The elevated serum HGF in AS could also be a response to inflammation, since HGF was positively correlated with inflammatory parameters, especially WBC. HGF has pleiotropic effects in immunomodulation and inflammation. HGF is secreted by stromal cells of lymphoid organs and HGF and c-MET expression is enhanced by pro-inflammatory cytokines. HGF has been shown to have anti-inflammatory effects on monocytes, macrophages, dendritic cells, and B- and T-lymfocytes [5]. Animal models have also demonstrated that HGF mainly has anti-inflammatory effects, since HGF therapy in different animal models ameliorated collagen-induced arthritis, autoimmune encephalomyelitis, experimental colitis, pulmonary fibrosis, and renal injury in chronic renal disease and also prevented lupus nephritis [5, 23, 24, 25, 26]. In addition, HGF has angiogenetic effects and counteracts the effects of TGF-β and other fibrogenic cytokines [3].

The results from the present study indicate that HGF could be involved in the process of osteoporosis and osteoproliferation in AS, although the pathophysiologic mechanisms are unknown. The increase in serum HGF in the AS patients was however modest and the study gives no support for serum HGF as a diagnostic tool.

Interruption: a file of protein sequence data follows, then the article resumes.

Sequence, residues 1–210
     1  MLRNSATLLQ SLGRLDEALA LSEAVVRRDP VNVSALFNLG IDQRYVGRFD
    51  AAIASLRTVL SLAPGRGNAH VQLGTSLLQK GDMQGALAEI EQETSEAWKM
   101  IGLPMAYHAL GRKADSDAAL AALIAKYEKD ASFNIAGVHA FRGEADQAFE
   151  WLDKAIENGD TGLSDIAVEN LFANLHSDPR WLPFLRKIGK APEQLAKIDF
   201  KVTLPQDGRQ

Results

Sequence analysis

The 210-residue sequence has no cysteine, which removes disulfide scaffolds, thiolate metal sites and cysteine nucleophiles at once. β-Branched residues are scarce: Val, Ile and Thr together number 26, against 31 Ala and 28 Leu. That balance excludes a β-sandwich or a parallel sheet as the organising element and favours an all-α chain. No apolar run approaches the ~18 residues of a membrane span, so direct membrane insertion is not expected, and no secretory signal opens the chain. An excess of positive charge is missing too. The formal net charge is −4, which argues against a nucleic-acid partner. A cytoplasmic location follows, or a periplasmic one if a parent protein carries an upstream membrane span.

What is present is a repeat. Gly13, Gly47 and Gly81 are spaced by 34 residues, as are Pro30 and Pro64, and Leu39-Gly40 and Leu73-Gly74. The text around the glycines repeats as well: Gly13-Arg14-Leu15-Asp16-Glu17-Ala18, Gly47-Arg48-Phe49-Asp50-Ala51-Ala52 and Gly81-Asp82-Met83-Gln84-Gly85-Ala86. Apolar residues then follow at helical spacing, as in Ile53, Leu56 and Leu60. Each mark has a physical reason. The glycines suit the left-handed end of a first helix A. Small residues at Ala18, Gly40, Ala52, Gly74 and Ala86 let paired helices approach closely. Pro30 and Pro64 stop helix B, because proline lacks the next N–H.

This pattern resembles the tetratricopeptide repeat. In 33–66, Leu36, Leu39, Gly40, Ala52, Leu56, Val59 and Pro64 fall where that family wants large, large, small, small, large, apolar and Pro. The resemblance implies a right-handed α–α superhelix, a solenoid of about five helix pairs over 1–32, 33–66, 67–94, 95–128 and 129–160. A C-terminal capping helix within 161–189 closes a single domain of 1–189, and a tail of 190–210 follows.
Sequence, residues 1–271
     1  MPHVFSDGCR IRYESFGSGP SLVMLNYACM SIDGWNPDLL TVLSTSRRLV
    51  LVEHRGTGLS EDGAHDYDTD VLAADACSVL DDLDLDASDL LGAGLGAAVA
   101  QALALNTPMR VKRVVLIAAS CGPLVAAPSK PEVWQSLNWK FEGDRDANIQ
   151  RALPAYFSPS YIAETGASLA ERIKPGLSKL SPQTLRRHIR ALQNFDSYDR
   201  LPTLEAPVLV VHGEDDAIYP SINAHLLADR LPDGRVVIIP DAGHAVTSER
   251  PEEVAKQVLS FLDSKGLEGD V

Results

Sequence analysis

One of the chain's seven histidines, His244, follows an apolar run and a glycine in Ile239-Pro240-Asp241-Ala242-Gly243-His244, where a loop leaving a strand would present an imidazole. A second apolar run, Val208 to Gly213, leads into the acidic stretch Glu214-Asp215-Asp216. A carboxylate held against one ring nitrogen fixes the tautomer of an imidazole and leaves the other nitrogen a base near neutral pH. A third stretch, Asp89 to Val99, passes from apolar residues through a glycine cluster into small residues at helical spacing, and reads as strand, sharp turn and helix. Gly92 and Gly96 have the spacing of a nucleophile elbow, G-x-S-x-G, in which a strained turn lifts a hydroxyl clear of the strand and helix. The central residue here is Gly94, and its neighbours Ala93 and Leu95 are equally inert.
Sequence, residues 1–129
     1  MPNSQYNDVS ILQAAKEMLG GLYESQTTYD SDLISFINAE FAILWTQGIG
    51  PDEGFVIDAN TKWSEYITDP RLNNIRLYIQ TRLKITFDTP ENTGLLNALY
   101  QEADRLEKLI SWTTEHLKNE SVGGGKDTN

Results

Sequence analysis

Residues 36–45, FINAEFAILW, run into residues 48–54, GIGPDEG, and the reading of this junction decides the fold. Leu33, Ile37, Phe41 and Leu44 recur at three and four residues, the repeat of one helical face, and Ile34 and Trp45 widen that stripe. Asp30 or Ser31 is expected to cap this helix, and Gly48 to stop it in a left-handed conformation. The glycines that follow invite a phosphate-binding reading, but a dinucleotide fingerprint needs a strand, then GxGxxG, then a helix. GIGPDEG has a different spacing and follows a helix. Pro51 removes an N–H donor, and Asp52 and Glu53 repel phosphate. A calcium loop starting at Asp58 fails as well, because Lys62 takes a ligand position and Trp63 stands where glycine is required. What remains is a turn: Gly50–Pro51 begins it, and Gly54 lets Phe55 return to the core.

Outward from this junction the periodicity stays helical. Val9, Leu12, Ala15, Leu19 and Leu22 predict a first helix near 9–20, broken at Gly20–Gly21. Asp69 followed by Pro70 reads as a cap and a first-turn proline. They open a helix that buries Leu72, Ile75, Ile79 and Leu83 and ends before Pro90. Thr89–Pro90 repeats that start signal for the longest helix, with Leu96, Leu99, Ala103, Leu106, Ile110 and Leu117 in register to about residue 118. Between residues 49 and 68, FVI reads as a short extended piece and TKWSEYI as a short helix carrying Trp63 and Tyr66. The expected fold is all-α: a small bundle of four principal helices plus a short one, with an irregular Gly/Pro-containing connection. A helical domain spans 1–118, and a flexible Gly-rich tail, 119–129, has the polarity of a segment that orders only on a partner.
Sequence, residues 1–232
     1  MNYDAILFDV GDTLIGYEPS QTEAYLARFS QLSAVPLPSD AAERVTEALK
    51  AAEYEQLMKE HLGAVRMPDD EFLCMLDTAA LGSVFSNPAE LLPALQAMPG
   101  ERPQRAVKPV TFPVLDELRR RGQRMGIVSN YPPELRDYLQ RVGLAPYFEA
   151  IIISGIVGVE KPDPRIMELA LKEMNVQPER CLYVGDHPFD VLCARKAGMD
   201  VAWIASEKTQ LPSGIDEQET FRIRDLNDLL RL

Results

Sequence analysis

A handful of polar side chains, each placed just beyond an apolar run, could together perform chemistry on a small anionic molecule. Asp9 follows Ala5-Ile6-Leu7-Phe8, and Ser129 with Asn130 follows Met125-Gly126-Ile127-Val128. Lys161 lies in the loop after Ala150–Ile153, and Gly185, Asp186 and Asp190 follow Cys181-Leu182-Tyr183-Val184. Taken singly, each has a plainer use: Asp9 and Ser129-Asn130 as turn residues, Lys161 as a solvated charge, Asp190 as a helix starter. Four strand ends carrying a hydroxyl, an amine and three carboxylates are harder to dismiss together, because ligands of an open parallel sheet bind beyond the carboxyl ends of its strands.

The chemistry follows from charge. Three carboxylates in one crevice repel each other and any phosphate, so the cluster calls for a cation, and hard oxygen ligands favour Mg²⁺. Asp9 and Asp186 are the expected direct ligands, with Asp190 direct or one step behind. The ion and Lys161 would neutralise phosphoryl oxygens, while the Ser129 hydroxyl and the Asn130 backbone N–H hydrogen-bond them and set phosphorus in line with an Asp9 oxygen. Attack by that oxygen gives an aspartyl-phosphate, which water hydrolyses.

One earlier study on AS assessing multiple cytokines and MMPs in serum showed that HGF was positively correlated with BASDAI, BASFI, and BAS-G in univariate analyses and that HGF together with MMP-8, MMP-9, and CXCL8 from a principal component analysis was associated with higher BASDAI and smoking status in multivariate analyses [27]. Smokers had however not higher HGF than non-smokers in the study.

Earlier studies on rheumatoid arthritis (RA) have shown increased levels of HGF in serum and synovial fluid in RA and that an elevated serum HGF is predictive of joint damage and radiographic progression [28, 29, 30]. Similar to our study, it is unclear if HGF contributes do damage or if the increased serum HGF is a response to inflammation. In patients with systemic lupus erythematosus (SLE), a high HGF expression and a low TGF-β expression in kidney biopsies was associated with a favorable response to cyclophosphamide and less chronic tubulointerstitial damage [31]. Interestingly, elevated serum HGF and mucosal overexpression of HGF and c-MET has also been reported in inflammatory bowel disease in young adults and children [32].